Study finds large variability in Arctic summer ice extent over last 10,000 years; less than half of current amounts for several thousand years
A new study led by researchers from the Danish National Research Foundation for Geogenetics at the University of Copenhagen has determined that for the last 10,000 years, the extent of summer sea ice in the Arctic Ocean has varied widely. For several thousand years, there was much less sea ice in the Arctic Ocean than now—probably less than half, the researchers concluded. Their paper is published in the journal Science.
Our studies show that there have been large fluctuations in the amount of summer sea ice during the last 10,000 years. During the so-called Holocene Climate Optimum, from approximately 8000 to 5000 years ago, when the temperatures were somewhat warmer than today, there was significantly less sea ice in the Arctic Ocean, probably less than 50% of the summer 2007 coverage, which was absolutely lowest on record.
Our studies also show that when the ice disappears in one area, it may accumulate in another. We have discovered this by comparing our results with observations from northern Canada. While the amount of sea ice decreased in northern Greenland, it increased in Canada. This is probably due to changes in the prevailing wind systems. This factor has not been sufficiently taken into account when forecasting the imminent disappearance of sea ice in the Arctic Ocean.—Svend Funder, team leader
Although sea ice comes and goes without leaving a record, the team developed a method by which it is possible to measure the variations in the ice several millennia back in time.
The results are based on driftwood gathered along the coast of northern Greenland, which scientists expect will be the final place summer ice will survive, if global temperatures continue to rise.
Driftwood is from the outset embedded in sea ice, said Funder, and reaches the north Greenland coast along with it. The amount of driftwood therefore indicates how much multiyear sea ice there was in the ocean back then.
After the expeditions had been completed, the team needed to study the wood they had collected: wood types had to be determined and it had to be carbon-14 dated. The driftwood originated near the great rivers of present-day North America and Siberia. The wood types were almost entirely spruce, which is widespread in the Boreal forest of North America, and larch, which is dominates the Siberian taiga. The different wood types therefore are evidence of changing travel routes and altered current and wind conditions in the ocean.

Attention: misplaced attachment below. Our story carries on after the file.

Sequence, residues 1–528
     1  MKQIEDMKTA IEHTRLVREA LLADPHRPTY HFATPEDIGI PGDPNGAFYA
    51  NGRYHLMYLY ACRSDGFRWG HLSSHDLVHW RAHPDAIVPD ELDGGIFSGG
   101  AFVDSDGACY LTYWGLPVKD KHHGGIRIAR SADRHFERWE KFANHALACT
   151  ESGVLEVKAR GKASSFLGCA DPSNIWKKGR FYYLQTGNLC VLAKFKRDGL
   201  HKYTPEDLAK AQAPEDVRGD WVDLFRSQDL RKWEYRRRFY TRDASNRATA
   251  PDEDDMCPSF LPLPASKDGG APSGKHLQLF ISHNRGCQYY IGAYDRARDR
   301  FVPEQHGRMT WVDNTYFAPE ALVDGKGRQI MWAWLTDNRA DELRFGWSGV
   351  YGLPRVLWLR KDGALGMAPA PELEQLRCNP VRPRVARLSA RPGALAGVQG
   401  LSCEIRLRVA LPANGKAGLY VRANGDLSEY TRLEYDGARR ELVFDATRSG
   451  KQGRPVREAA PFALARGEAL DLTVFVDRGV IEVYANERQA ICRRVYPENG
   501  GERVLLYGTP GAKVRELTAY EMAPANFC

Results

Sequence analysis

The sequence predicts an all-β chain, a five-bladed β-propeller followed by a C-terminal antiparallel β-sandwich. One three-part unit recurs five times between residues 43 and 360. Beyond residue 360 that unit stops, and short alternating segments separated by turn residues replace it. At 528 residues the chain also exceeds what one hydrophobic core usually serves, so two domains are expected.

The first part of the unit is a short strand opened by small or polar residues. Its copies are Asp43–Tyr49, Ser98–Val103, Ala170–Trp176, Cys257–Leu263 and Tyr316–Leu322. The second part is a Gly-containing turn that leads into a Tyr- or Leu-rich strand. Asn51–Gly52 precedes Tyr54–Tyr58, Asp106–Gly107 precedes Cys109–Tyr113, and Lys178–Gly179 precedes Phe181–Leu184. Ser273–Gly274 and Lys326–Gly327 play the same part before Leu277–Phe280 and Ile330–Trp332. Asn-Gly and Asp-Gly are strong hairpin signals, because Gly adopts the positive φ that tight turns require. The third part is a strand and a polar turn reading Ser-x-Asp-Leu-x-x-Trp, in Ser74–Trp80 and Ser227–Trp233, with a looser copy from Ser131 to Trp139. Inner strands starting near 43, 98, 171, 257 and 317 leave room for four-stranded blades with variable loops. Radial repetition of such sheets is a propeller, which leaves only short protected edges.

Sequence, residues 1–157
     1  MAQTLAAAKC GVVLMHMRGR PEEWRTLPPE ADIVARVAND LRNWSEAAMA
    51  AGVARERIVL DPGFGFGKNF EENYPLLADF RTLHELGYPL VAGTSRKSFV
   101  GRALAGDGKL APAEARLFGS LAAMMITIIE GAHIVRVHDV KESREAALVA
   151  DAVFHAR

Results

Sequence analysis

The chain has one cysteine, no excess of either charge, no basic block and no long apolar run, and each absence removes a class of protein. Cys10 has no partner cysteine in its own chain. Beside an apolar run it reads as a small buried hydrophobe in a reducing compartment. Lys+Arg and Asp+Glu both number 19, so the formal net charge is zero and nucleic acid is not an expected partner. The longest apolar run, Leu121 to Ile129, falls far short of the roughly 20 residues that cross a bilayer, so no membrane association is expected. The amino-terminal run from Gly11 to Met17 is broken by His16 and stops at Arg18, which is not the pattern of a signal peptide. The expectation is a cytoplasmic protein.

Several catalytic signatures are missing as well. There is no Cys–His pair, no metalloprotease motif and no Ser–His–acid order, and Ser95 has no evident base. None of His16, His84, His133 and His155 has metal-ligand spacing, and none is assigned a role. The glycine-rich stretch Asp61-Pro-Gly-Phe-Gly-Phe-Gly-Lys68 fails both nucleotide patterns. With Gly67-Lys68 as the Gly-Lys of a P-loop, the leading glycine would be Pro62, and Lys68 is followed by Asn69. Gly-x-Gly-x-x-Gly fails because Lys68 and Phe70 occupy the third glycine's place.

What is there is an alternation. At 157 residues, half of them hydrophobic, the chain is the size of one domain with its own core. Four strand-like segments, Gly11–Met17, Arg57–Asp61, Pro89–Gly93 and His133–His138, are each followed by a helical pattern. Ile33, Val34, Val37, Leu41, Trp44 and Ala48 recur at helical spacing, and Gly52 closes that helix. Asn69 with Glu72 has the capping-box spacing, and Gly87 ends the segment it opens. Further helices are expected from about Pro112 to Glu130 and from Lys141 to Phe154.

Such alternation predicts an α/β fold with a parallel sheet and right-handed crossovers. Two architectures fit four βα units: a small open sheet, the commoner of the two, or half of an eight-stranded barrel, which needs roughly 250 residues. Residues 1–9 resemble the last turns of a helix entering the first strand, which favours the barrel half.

The team also examined the beach ridges along the coast. Today, perennial ice prevents any sort of beach from forming along the coasts of northern Greenland. But this had not always been the case. Behind the present shore long rows of beach ridges show that at one time waves could break onto the beach unhindered by sea ice. The beach ridges were mapped for 500 kilometers along the coast, and carbon-14 dating has shown that during the warm period from about 8000 until 4000 years ago, there was more open water and less coastal ice than today.
Our studies show that there are great natural variations in the amount of Arctic sea ice. The bad news is that there is a clear connection between temperature and the amount of sea ice. And there is no doubt that continued global warming will lead to a reduction in the amount of summer sea ice in the Arctic Ocean. The good news is that even with a reduction to less than 50% of the current amount of sea ice the ice will not reach a point of no return: a level where the ice no longer can regenerate itself even if the climate was to return to cooler temperatures. Finally, our studies show that the changes to a large degree are caused by the effect that temperature has on the prevailing wind systems. This has not been sufficiently taken into account when forecasting the imminent disappearance of the ice, as often portrayed in the media.—Sven Funder
Svend Funder, Hugues Goosse, Hans Jepsen, Eigil Kaas, Kurt H. Kjær, Niels J. Korsgaard, Nicolaj K. Larsen, Hans Linderson, Astrid Lyså, Per Möller, Jesper Olsen, and Eske Willerslev (2011) A 10,000-Year Record of Arctic Ocean Sea-Ice Variability—View from the Beach. Science 333 (6043), 747-750. doi: 10.1126/science.1202760